I have found that Thai people have a great sense of humor. During my time here, I have had some great experiences when talking with my local friends. It seems that, along with their ‘sabai’ lifestyle, they like to have a good laugh with others. For that reason, I found myself wanting to look into this topic deeper. I wanted to learn how to say fun in Thai and perhaps some of the more cultural aspects that shape their fun attitude. So what does it mean to be funny in Thai?
If you are as interested as I am in this, then please take a read as we look into the fun side of the Land of Smiles.
The word for funny in Thai is ‘talok’ (ตลก). The word is short and simple to say, much like a good joke. It can be understood as meaning ‘to joke’ or ‘be amusing’. It doesn’t take a long time online to find Thai people having a joke. You will find many posts writing 5555 after they write something. The Thai word for 5 is ‘ha’ (ห้า), so that is their way of laughing.
A lot of TV shows in Thailand seem to use comedy, which just goes to show how much they enjoy a joke. This really fits into the culture of the country, which holds fun in high regard.
So, how do Thai people refer to fun? They refer to it as ‘sanook’ (สนุก), which may also be spelt ‘sanuk’ depending on where you read it. It can also mean enjoyable, pleasant, or entertaining, so it is quite versatile when it comes to describing a good time. It is one of the key terms you will come across during a stay in Thailand for reasons we will look into in a bit.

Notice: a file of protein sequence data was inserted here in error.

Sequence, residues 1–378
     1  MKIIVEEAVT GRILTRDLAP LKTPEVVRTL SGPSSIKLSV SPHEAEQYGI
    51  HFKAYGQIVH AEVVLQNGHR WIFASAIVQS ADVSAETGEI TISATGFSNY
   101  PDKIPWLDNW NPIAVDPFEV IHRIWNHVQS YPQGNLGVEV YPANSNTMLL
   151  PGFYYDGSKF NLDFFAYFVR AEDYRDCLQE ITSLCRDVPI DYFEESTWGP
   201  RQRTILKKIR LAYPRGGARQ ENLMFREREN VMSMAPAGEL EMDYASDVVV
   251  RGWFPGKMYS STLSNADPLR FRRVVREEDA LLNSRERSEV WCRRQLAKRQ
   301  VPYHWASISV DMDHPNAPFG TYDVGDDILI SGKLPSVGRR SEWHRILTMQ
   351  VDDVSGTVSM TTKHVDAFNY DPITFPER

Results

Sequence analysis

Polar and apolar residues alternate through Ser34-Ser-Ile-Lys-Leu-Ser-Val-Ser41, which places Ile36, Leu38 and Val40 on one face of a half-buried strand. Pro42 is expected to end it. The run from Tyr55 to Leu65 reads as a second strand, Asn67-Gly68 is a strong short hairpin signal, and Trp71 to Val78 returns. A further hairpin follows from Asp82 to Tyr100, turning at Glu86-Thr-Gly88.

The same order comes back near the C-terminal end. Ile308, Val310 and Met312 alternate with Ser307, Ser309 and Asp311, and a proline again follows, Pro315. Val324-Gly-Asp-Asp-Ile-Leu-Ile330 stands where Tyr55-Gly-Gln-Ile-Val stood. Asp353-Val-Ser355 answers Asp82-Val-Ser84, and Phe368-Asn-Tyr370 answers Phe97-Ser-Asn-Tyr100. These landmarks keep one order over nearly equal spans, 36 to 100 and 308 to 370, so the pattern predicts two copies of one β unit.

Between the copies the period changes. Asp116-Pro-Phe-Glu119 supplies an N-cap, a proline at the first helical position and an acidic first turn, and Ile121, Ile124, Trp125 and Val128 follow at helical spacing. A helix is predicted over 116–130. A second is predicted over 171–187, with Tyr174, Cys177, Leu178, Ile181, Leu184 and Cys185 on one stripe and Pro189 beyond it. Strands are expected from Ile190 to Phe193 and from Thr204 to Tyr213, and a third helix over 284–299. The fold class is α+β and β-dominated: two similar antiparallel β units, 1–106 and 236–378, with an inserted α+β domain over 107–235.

As it is, this is just the adjective form, describing something that is fun. For example, you could say ‘Ling sanook’ (หลิงสนุก), meaning Ling is fun. If you want to use the noun version, you would say ‘khwaam sanook’ (ความสนุก).
Much like the word ‘sabai’ reflects a lot about the Thai attitude to life, ‘sanook’ shows that they also value their enjoyment. Many shops and bars have the word sanook in their name, Similarly, you will often be asked ‘sanook mai?’ (สนุกไหม) or ‘are you having fun?’. It is almost as common as being asked how you are.
There seems to be the goal of combining several elements – work, rest and, in this case, play – to ensure a good and balanced lifestyle. This can be seen in the way people communicate, the way they choose to spend their time, and the relationships they build with friends. The Songkran festival is likely the best representation of this sanook culture.
It seems that this culture has developed from Buddhist values, which prioritize contentment in life. This has made its way to the everyday life of Thai people, earning the country the name ‘Land of Smiles’.
Thailand has no shortage of things to enjoy. Whether it is the food, beaches, or the people, everything is very welcoming and will very quickly show you how sanook is reflected in everyday life. They love to joke and enjoy life when they can. The best way to enjoy it is to go in with a light-heart and a smile, which many people will appreciate seeing. As long as you are not rude and use common courtesy, you should be in for a great time and a lot of fun in Thailand.
Want to learn more vocabulary like this? Try the Ling Thai app for yourself and see how the different tests and games help you to learn the Thai language while also having fun.